After the first couple of weeks, I expected it to feel like a physical battle to keep going, as it has in previous years, but it didn’t really get that bad, thankfully, apart from a wobble early on, around Day 8/9. Maybe the previous years’ ‘training’ is starting to pay off, or maybe I was just that bit more accepting of the ideas not being 100% finished. The battle this time was more about ‘this is starting to feel a bit mundane’ or creating more than just a nice sounding intro riff.

Knowing that there was a small but dedicated bunch of people who would be waiting to check out the next tune was very good motivation to keep going. Not letting people down… So thank you if you’re one of those who followed along, commented, liked or retweeted: couldn’t have done it without you.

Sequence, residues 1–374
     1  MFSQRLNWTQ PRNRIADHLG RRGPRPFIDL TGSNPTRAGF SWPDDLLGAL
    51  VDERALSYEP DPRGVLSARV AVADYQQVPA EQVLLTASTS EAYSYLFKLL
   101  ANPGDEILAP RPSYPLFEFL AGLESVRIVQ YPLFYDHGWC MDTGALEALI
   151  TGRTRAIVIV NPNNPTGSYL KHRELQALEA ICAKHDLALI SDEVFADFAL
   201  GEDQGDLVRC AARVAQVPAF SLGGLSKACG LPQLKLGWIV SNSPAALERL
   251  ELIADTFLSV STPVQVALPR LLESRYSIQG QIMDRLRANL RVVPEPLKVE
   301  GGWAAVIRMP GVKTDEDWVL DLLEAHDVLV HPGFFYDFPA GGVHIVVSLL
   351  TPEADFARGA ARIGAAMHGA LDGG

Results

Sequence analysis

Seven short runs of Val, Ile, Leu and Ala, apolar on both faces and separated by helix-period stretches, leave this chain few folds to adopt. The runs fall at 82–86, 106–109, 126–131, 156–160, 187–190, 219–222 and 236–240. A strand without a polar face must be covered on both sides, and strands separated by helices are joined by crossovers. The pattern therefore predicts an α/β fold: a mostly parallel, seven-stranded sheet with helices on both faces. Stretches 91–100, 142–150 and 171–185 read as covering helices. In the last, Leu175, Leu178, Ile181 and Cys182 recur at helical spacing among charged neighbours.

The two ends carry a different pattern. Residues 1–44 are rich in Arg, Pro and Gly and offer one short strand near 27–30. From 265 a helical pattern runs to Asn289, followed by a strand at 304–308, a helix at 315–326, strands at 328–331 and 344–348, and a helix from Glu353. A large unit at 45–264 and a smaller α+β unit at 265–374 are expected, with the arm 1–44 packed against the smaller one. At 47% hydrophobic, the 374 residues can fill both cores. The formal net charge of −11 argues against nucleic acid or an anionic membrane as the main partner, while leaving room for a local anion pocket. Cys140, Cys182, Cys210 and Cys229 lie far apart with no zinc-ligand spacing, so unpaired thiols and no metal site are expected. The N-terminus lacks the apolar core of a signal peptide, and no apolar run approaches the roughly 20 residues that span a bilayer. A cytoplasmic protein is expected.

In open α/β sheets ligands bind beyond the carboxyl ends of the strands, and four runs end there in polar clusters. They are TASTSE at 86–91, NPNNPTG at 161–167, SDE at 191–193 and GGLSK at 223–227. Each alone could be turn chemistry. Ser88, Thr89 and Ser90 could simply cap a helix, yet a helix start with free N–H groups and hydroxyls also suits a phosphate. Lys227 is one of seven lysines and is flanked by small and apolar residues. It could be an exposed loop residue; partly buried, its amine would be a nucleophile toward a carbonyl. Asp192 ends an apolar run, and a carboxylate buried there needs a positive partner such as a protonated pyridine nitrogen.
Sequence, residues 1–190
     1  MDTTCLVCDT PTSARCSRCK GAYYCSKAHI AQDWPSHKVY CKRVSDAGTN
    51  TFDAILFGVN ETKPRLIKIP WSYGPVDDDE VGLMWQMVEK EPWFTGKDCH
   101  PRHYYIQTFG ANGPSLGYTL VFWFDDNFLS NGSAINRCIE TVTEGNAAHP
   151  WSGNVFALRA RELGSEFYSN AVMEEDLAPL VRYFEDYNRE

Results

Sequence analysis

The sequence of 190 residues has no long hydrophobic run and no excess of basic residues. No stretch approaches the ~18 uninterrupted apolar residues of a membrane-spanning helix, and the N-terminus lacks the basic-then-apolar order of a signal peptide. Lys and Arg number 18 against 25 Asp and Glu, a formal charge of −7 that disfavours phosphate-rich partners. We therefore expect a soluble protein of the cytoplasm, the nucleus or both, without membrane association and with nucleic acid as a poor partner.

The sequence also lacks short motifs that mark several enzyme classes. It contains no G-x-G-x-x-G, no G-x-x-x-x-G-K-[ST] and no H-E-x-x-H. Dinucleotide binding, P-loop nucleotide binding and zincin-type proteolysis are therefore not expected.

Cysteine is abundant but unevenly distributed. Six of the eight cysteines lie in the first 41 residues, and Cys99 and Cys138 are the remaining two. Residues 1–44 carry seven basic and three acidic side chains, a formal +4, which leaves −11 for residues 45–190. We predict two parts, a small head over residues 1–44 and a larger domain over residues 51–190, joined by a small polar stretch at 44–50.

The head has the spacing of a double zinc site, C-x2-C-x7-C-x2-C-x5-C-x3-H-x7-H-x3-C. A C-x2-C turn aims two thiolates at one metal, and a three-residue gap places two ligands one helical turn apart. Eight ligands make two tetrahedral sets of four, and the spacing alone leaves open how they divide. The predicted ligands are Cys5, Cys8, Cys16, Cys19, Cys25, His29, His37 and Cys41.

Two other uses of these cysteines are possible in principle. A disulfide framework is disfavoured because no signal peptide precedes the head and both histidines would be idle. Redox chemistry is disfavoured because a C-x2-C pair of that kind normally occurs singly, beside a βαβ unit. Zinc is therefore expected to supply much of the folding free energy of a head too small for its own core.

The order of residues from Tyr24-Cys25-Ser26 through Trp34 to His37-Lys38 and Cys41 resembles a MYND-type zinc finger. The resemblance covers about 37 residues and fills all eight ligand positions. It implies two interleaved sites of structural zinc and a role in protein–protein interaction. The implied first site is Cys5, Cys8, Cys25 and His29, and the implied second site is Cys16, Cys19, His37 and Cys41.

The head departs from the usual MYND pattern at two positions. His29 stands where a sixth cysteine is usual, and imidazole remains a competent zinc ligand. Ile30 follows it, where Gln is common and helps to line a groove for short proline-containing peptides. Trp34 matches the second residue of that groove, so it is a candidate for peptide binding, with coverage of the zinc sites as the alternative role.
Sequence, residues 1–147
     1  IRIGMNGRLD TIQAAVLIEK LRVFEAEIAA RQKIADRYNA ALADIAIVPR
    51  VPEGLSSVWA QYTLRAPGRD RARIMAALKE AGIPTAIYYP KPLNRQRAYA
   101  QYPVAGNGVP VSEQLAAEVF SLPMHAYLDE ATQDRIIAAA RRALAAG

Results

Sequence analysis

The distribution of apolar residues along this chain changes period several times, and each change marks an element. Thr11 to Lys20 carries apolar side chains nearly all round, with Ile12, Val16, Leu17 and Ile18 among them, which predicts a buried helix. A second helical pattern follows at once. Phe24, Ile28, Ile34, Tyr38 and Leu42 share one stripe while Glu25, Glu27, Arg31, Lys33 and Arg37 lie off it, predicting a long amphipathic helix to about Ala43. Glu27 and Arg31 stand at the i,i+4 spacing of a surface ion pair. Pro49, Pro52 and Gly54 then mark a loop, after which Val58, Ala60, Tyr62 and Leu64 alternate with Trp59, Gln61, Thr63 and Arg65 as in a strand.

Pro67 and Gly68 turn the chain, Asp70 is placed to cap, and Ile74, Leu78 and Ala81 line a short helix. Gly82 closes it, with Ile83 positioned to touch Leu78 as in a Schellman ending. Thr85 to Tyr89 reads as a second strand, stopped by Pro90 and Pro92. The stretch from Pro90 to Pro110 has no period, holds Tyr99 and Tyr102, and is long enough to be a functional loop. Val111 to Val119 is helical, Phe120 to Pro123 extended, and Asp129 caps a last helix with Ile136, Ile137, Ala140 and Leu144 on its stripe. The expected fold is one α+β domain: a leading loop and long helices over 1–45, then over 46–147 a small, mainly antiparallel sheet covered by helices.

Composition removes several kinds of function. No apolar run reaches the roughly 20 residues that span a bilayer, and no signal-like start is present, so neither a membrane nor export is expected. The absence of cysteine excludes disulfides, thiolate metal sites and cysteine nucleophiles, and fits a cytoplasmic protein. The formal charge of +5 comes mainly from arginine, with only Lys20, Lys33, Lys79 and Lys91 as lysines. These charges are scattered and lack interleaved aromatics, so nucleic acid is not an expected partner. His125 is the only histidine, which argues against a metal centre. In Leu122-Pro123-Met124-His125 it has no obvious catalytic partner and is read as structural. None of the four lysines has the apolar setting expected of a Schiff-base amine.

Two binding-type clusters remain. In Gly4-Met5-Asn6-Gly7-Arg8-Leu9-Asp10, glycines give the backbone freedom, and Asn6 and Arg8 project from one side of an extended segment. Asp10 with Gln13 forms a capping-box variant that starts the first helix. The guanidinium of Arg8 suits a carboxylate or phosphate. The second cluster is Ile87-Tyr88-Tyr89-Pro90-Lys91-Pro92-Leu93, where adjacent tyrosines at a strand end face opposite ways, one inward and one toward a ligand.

Oversized owl mug - a cuppa during songwriting session with Matt Steady

Enjoying a nice cuppa at Studio Steady

Day 26: First Stoneygate Co-write

A highlight was co-writing with Matt Steady for the first time on Monday (although I was ridiculously tired from a road trip to a family get-together the day before). Co-writing has been a mixed experience in the past: I co-wrote several songs with a friend at Uni, then there was a long gap. It was the first time I’ve co-written as Stoneygate, and I wasn’t sure if I should be using the electronics or the guitar. It is also the first time doing a co-write as part of Tune-A-Day. In case anyone is wondering, it is definitely not cheating – co-writing uses a whole extra level of skills that I need to work on, as well as the composition & lyric-writing, so it was more challenging than sitting down to write alone.